Feast day: June 1
"We are slain with the sword, but we increase and multiply; the more we are persecuted and destroyed, the more are deaf to our numbers. As a vine, by being pruned and cut close, shoots forth new suckers, and bears a greater abundance of fruit; so is it with us." – St. Justin Martyr
Born in Flavia Neapolis (in Palestinian Syria) around 100; conversion to Christianity around 130; martyred in Rome in the year 165, under Marcus Aurelius.
Saint Justin Martyr (as he is commonly referred to) is the best known 2nd century Father of the Church. He was born a pagan, in a pagan region of what is now the Middle East, and was well, if ecclectically, educated in philosophy.
An avid lover of truth, he sought it through different philosophical schools, none of which satisfied his thirst, even though he was moved by the moral discipline of the Stoics and inspired by the speculative power of the Platonists.
At around the age of 30 he happened to cross paths with an old man walking along the beach who questioned him about his beliefs and especially about the sufficiency of philosophy as a means of attaining truth. This old man introduced him to Revelation and argued that although philosophers could talk about God, the Prophets, inspired by the Holy Spirit, had experienced and known God and could bring others to Him.
Justin had always admired Christians from a distance because of the beauty of their moral lives. As he writes in his Apologies: "When I was a disciple of Plato, hearing the accusations made against the Christians and seeing them intrepid in the face of death and of all that men fear, I said to myself that it was impossible that they should be living in evil and in the love of pleasure.”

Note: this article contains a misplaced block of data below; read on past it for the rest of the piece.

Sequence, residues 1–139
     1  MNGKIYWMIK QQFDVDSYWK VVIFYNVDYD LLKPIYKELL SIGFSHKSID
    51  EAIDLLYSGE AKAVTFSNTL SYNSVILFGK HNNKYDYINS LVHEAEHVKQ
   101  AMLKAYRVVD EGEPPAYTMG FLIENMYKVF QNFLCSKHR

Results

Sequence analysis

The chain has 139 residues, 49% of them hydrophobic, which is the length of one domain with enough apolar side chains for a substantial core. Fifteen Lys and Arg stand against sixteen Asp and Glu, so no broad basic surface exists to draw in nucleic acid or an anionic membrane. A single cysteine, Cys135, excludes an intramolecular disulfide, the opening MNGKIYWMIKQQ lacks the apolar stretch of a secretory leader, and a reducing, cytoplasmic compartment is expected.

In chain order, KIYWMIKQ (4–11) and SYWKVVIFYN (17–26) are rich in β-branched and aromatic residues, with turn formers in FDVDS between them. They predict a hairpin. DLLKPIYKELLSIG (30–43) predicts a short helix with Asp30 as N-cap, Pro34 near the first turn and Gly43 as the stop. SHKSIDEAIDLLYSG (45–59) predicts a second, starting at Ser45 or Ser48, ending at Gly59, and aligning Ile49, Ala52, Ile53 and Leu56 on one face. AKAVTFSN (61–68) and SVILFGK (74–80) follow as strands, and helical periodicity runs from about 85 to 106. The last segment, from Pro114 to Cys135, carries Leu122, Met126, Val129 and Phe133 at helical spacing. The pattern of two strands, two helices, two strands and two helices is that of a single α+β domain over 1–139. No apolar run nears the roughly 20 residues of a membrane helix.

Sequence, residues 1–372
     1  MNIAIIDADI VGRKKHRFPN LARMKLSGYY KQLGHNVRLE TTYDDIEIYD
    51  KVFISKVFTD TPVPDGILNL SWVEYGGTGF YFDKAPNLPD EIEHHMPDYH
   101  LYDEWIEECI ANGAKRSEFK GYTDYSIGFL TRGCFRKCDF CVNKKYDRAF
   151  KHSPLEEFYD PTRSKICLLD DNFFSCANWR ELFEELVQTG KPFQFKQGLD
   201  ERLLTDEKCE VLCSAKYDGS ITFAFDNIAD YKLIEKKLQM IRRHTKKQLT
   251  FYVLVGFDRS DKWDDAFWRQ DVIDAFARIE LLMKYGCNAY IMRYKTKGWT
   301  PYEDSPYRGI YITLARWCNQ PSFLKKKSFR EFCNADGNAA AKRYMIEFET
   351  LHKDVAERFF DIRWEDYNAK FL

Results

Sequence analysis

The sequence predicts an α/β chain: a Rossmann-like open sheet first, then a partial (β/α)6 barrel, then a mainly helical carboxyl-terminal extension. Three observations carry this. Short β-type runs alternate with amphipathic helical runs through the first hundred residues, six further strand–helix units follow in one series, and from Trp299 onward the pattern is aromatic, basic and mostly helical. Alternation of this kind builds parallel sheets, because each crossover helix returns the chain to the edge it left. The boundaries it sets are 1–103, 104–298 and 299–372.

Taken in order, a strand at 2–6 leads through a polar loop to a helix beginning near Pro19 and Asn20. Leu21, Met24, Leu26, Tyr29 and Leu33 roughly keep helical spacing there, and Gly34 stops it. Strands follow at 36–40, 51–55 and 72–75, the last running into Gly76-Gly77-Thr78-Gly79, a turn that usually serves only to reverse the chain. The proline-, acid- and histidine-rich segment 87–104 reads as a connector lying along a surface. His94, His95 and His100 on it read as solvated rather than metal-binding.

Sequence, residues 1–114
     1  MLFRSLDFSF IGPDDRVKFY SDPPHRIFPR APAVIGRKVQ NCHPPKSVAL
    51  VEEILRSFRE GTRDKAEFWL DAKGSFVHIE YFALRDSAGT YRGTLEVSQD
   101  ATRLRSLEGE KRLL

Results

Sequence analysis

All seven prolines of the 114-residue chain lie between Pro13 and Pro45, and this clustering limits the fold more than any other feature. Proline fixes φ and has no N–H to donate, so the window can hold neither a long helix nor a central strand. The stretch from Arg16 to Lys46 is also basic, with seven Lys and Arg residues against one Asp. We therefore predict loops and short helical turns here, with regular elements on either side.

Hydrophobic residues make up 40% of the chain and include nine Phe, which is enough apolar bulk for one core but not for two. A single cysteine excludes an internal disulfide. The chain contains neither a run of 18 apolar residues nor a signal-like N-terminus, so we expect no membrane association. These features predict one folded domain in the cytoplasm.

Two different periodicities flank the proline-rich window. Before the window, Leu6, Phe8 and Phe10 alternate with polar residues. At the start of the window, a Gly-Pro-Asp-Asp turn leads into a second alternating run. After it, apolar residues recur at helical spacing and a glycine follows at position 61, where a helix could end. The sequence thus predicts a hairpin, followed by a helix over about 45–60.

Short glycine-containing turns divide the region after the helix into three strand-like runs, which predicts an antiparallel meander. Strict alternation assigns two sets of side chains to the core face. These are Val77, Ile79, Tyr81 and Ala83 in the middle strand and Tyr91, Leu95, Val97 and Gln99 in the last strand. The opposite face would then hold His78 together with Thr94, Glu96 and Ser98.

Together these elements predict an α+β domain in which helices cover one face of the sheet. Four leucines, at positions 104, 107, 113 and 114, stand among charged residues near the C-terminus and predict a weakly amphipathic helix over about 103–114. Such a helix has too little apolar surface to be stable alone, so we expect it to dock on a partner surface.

He had been persuaded of the superiority of the Christian creed over all other beliefs and philosophies, and seen this belief made manifest in the witness of Christians who “preferred truth to life.” Martyrdom was for him the highest proof of the truth of Christianity. Nobody, he said, died for the teaching of Socrates.
His his heart burned within him as he realized that he had finally found the Truth he had searched for all his life.
He became a Christian and a great apologist, engaging in debates and writing numerous works about the faith, most famously two apologetical treatises called “Apologies” and “Dialogue with Tryphon.”
Following his conversion he taught school in Ephesus and in Rome, where in 165 he was condemned to death with six companions, Chariton, Charito, Evelpostos, Pæon, Hierax, and Liberianos during the persecution of Marcus Aurelius.